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Socialization in High School Oversold

  • 2004 4 Jun
Socialization in High School Oversold

Every parent wants his or her child to grow up to be a mature, responsible adult. It's a natural desire, since well-behaved children reflect favorably on their parents. Also, young adults with good character tend to become good citizens who benefit society.

But what's the best method to achieve this result? Parents' choices include sending their children to an institutional school or home-schooling. Home schools long have been criticized as not providing an adequate social environment for children to mature into good citizens. As we shall discover, this isn't true.

Of course, no one can guarantee a child will turn out well, but it's possible to avoid pitfalls. Almost everyone agrees that particularly difficult years for children and parents are the teenage years. Why do so many teenagers behave badly? This is the subject of a new study by Murray Milner, professor emeritus of sociology at the University of Virginia.

Mr. Milner concludes that because teenagers are sent to school by their parents and have little control over what happens in school, the students are rendered powerless. This encourages them to promote the only power they do have -- the power to decide who's cool and who's not. In other words, teenagers can control the status levels of their peers.

What makes the question of status problematic is that everyone can't be at the top at the same time. The amount of available status is fixed, so if someone moves up, someone else must move down. Many former high school students can attest to the vagaries of this system. Common sense dictates that if numerous students are focused on their status, with many enduring endless putdowns, it will negatively affect their academic and social development.

Critics of home-schooling often claim that this form of high school socialization is necessary so students can face the real world. But does the real world look like high school?

It's difficult to imagine a more artificial environment for socialization than the public high school. Children are segregated by age and move from grade to grade within a narrow band of their immediate peers. This is a completely foreign environment to the one high school graduates will face. The high school experience does not easily translate to the real world. Home-school critics falsely believe that in order to be properly socialized, a child needs to spend long hours with children in his or her peer group.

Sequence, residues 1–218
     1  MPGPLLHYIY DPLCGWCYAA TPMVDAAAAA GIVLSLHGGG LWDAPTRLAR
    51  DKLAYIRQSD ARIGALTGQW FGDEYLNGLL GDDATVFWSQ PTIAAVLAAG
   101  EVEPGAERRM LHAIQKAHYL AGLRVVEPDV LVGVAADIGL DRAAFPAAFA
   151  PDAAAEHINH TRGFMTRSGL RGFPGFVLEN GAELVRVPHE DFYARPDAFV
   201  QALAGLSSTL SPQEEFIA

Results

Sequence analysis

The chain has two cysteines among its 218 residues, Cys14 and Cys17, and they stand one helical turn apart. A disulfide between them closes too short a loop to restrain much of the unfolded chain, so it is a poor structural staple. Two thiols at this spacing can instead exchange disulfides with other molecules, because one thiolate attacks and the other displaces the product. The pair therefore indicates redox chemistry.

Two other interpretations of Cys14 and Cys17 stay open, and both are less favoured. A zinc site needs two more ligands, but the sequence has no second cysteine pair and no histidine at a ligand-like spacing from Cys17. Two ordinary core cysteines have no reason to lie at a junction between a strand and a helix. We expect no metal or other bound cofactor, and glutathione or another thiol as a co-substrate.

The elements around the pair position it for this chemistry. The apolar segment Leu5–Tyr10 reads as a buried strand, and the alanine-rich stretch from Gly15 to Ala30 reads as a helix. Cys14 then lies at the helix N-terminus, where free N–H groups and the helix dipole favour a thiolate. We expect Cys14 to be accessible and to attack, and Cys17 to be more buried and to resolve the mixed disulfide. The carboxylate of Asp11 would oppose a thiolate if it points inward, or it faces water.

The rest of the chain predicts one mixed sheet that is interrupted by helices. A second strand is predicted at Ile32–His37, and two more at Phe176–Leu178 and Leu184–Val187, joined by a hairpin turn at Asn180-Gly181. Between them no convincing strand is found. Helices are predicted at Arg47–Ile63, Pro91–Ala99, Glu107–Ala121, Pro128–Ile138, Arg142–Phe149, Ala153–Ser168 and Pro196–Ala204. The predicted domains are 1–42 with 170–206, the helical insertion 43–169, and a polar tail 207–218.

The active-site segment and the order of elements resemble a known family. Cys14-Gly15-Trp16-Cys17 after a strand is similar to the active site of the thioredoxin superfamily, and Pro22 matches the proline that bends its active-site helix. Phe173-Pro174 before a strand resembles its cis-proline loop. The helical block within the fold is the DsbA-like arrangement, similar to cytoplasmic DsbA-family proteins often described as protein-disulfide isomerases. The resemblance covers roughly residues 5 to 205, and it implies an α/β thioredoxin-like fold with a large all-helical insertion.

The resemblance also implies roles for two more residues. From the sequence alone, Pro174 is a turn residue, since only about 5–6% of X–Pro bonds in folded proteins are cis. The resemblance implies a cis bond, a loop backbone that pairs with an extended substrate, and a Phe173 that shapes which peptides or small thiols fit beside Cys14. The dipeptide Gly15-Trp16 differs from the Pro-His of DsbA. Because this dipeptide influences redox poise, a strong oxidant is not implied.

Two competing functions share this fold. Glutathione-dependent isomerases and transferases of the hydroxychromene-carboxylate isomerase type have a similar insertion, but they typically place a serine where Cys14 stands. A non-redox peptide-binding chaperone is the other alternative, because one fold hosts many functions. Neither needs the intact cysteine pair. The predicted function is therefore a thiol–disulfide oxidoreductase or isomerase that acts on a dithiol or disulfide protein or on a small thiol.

In contrast, the home-school environment is not a constant battle for status. Status in a home school also is fixed, but it is fixed within the family. The child is always the child, and the parent is always the parent. Home-school parents should take care, however, to avoid playing favorites with their children.

Home-schooling is a much healthier environment because home-school teens do not have to be exposed to the high school system. The constant presence of peer pressure simply doesn't exist in the overwhelming majority of home schools. It's unnecessary. The home-school teenager is able to focus on gaining an excellent education and interacting with more adults than children.

But what of the critics' claim that home-schoolers have difficulty socializing? According to a recent study by the National Home Education Research Institute, home-school graduates are happier and more involved in their communities than the average public-school student. Home-schooling helps children avoid the social problems of high school.

Therefore, home-schooled children are more likely to grow up to be the mature, responsible citizens our society desperately needs.


The above article also appeared in the Washington Times as an Op-ed.

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